Do alien plants escape from natural enemies of congeneric residents? Yes but not from all.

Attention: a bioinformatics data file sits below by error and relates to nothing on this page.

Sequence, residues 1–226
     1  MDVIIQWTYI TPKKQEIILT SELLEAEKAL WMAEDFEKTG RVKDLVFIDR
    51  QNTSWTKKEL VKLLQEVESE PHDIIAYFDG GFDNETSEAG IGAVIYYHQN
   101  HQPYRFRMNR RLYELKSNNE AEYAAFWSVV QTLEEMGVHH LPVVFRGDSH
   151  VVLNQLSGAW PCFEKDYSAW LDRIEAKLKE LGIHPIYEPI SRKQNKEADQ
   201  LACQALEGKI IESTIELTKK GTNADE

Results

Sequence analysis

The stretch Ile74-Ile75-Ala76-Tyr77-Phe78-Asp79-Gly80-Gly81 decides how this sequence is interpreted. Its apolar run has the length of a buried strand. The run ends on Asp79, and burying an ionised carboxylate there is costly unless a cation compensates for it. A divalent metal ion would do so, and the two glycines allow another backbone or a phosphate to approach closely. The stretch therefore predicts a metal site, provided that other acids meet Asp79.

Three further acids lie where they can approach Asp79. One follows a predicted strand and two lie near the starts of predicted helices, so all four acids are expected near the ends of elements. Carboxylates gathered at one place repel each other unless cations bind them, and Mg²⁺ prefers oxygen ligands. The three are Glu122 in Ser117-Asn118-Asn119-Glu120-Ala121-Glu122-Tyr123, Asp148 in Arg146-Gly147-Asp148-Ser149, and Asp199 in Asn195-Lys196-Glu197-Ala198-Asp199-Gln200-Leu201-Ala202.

As predicted by the enemy release hypothesis, plants are supposedly less attacked by herbivores in their introduced range than in their native range. However, the nature of the natural enemies, in particular their degree of specificity may also affect the level of enemy escape. It is therefore expected that ectophagous invertebrate species, being generally considered as more generalists than endophagous species, are more prompt to colonise alien plants. In Swiss, Siberian and Russian Far East arboreta, we tested whether alien woody plants are less attacked by native herbivorous insects than native congeneric woody plant species. We also tested the hypothesis that leaf miners and gall makers show stronger preference for native woody plants than external leaf chewers. In all investigated regions, leaf miners and gall makers were more abundant and showed higher species richness on native woody plants than on congeneric alien plants. In contrast, external leaf chewers did not cause more damage to native plants than to alien plants, possibly because leaf chewers are, in general, less species specific than leaf miners and gall makers. These results, obtained over a very large number of plant-enemy systems, generally support the hypothesis that alien plants partly escape from phytophagous invertebrates but also show that different feeding guilds may react differently to the introduction of alien plants.